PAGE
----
An important, in-depth article in Forbes on why ACOs aren't likely to curb Medicare costs, plus valuable recommendations of what would work.
How does Medicare accomplish this? First Medicare must make greater use of existing capabilities to manage, in an evidence-based way, the appropriate use of prescription drugs, of expensive diagnostic imaging, and of expensive therapeutic interventions. There is a large benefits management industry in this country with a proven track record in managing these powerful but expensive components of health care. While Medicare has taken some advantage of pharmacy benefits managers (PBMs), optimal use of PBMs along with radiology benefits management and initiation of management of other expensive procedures and interventions (only as best medical evidence dictates) should be able to shave $10 billion or more off annual Medicare spending.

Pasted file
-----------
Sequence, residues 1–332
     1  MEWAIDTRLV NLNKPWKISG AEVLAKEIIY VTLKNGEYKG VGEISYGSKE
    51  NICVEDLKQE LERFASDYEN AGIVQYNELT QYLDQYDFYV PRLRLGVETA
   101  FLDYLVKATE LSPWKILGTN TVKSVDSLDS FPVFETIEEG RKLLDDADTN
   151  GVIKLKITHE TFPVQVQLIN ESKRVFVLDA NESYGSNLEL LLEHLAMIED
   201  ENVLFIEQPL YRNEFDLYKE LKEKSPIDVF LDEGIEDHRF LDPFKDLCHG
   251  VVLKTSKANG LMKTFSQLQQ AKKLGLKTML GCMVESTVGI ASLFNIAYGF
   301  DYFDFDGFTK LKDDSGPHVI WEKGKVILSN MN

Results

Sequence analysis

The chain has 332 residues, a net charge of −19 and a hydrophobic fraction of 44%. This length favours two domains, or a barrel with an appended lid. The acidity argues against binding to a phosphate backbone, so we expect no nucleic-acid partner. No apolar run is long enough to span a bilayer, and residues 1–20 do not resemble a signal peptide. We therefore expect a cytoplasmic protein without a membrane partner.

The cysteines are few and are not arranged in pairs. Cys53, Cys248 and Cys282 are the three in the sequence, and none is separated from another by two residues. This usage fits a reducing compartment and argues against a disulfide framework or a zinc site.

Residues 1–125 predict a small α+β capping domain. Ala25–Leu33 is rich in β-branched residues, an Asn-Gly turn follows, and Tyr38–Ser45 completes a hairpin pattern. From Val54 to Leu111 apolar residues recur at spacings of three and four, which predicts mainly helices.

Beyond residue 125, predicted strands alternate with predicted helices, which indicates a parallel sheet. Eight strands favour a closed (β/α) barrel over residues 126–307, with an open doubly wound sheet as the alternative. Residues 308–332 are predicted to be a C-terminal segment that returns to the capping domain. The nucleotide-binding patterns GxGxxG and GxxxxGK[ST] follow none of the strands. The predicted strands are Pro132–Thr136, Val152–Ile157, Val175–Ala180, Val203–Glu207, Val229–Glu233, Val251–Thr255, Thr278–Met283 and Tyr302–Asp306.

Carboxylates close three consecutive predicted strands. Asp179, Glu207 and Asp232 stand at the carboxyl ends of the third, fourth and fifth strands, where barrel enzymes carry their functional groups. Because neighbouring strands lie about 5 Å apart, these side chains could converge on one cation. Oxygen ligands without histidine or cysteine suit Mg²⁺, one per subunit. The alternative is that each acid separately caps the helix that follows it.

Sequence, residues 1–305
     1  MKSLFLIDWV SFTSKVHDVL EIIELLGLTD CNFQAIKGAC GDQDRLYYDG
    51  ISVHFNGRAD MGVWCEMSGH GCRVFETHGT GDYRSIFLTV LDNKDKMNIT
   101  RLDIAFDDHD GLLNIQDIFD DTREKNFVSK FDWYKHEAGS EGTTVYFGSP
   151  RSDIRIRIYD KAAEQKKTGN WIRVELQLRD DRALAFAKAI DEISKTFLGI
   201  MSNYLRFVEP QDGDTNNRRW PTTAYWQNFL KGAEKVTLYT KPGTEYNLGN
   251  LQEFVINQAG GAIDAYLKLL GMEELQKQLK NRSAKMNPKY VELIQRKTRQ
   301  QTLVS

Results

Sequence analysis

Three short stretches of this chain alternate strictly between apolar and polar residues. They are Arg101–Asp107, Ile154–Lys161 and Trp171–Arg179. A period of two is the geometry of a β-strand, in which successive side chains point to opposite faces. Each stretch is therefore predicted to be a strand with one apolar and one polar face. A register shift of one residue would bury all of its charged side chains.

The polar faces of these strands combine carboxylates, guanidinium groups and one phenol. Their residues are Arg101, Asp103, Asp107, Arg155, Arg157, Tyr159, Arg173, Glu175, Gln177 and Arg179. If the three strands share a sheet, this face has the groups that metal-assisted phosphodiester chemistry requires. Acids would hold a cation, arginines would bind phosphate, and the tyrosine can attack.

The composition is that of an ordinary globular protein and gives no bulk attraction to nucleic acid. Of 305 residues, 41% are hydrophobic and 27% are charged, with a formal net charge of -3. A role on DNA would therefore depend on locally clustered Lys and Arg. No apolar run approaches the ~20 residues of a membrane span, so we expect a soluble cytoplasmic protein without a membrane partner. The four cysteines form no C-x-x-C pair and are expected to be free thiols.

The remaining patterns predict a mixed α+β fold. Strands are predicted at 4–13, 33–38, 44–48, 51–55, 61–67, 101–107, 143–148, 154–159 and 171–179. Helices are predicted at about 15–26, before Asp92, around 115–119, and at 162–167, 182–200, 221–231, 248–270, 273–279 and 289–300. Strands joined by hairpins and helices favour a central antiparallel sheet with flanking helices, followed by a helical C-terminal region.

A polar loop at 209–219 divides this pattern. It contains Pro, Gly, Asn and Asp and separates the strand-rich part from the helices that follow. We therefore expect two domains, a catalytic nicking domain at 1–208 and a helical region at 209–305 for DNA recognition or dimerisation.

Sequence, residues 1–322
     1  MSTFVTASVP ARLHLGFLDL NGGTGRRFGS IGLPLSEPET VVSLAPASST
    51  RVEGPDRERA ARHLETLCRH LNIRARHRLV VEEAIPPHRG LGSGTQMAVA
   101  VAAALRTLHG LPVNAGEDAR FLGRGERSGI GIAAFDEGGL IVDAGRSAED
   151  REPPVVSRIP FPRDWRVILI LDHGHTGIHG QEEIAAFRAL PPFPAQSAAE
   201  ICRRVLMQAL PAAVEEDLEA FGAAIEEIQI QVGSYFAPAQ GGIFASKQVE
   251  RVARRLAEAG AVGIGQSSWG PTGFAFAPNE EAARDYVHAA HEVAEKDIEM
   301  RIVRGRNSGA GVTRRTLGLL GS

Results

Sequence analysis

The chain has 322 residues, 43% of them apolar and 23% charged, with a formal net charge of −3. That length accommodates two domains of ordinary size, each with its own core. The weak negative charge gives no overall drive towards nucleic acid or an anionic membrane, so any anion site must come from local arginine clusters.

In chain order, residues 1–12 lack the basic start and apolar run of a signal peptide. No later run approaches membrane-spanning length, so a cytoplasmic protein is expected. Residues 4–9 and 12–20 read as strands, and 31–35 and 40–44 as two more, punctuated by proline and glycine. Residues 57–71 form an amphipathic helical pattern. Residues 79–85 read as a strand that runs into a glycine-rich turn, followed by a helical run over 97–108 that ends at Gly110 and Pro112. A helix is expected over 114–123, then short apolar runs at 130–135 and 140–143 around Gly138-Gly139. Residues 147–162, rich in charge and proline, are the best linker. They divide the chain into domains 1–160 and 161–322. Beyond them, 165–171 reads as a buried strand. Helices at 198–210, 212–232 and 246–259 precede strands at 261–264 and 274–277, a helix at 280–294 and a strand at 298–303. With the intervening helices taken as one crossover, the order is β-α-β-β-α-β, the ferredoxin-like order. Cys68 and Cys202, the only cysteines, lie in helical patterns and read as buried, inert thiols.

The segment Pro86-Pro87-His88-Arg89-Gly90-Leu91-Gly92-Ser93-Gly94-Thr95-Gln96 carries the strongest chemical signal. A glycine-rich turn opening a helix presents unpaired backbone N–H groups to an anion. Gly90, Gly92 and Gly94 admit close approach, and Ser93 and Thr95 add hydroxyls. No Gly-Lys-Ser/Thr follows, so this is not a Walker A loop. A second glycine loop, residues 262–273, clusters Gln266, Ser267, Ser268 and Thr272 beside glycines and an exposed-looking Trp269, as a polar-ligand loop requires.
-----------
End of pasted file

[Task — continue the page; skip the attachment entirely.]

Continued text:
How much could this save? Estimates range from as low as 10-15% to as high as 25-30% of all healthcare expenditures. For fee-for-service Medicare this could mean from $40 to $120 billion per year.
Is this possible? It is already being achieved within the well-performing Medicare Advantage plans where primary care physicians are delivering quality care, gaining reimbursement of 150-200% of fee-for-service Medicare, and controlling unnecessary resource utilization.